Good news for clean energy

Grants totalling £3.3 million have been awarded to community energy schemes, and a Nottinghamshire coal plant is to remove 90% of its sulphur dioxide emissions.

Community energy schemes that have been able to demonstrate cost-effective carbon savings and good energy cost saving returns on investment have won up to £650,000 in government funding. They include an £500,000 award to expand an existing network on the Shetland Islands, using heat from a waste to energy plant for homes and public buildings. Warwick University also won £650,000 to upgrade its energy network to include ten halls of residence.

Between them, these two projects will save nearly 3,000 tonnes of carbon emissions every year, says the Department for Environment, Food and Rural Affairs (DEFRA).

“These schemes will heat homes as well as public buildings including schools, university halls of residence, museums and leisure centres,” said Environment Minister Michael Meacher. Eight projects in all were chosen to receive the funding, with a total value of £12 million, of which over a quarter is to be contributed by the Government, explained the Minister. “The eight will help reduce the bills of over 1,400 fuel poor households and save almost 6,000 tonnes of carbon emissions a year.”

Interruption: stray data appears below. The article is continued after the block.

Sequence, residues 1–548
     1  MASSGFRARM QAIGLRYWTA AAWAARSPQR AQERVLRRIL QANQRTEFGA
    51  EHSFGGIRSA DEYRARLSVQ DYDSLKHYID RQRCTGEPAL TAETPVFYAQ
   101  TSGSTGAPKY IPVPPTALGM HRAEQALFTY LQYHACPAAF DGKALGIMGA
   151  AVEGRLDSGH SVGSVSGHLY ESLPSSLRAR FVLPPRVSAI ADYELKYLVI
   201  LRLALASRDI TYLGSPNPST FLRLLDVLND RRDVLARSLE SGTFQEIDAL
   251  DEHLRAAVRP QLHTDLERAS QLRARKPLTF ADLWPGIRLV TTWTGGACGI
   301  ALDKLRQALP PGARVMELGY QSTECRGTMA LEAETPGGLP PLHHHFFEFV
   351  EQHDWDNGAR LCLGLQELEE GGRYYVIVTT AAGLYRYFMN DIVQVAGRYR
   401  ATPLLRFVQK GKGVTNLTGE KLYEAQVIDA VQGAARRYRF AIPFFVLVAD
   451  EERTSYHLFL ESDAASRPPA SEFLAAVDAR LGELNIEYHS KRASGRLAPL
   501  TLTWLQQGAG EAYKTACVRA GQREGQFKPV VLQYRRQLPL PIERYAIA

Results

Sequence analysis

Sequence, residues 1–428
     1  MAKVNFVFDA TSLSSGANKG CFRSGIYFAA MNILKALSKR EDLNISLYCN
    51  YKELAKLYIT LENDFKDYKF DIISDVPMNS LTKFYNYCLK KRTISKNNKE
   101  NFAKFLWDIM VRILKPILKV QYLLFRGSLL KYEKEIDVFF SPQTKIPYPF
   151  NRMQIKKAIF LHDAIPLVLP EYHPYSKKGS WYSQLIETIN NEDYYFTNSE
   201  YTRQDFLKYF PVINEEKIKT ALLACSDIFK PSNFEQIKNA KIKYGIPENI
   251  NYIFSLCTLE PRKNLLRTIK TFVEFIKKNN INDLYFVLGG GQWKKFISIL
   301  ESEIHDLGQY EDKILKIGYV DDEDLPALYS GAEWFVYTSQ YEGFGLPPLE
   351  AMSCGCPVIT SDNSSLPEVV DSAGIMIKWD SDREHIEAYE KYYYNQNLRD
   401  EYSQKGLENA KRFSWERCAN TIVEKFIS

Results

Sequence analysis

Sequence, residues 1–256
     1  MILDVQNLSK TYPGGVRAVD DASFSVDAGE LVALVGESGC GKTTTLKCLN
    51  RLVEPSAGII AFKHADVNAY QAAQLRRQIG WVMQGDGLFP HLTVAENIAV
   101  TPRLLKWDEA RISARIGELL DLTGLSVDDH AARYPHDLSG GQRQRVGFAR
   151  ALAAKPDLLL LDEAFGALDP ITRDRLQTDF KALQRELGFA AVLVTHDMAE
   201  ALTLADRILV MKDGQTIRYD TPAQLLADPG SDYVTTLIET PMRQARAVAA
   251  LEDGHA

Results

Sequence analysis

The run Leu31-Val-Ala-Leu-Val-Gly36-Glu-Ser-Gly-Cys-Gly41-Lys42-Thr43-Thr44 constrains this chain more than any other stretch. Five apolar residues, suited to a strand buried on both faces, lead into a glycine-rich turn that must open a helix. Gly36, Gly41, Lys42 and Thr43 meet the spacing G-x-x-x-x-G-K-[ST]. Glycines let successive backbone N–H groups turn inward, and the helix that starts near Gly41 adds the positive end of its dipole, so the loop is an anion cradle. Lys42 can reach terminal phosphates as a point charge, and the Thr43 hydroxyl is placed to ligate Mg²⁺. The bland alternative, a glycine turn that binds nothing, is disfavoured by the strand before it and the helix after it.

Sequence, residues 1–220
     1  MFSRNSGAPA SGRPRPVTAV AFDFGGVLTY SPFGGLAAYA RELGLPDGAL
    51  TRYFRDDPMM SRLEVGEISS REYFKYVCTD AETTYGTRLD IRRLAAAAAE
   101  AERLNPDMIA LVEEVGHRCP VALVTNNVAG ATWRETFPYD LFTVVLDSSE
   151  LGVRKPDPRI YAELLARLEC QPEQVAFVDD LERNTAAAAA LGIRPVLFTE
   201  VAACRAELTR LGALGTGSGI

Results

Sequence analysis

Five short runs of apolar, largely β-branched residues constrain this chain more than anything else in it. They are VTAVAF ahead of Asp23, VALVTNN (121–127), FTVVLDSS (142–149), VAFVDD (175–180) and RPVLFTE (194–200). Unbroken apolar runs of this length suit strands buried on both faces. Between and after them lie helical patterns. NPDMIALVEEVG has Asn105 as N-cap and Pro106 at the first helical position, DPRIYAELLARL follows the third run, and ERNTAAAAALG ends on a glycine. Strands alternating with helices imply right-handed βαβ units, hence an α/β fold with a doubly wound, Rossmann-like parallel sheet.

Other good news this week comes in the form approval by Energy Minister Brian Wilson for a proposal from Cottam Power Ltd to fit a flue gas desulphurisation plant at its 2000 MW coal-fired power station in Nottinghamshire. Not only is the new plant predicted to remove 90% of the sulphur dioxide from the facility’s combustion gases, but it is also intended to produce the by-product Gypsum which is used in the building trade. The new plant is also predicted to extend the life of the power station by approximately 15 years.

“With enhancements such as this, coal can better compete on an environmental basis with other fuels,” said Wilson.

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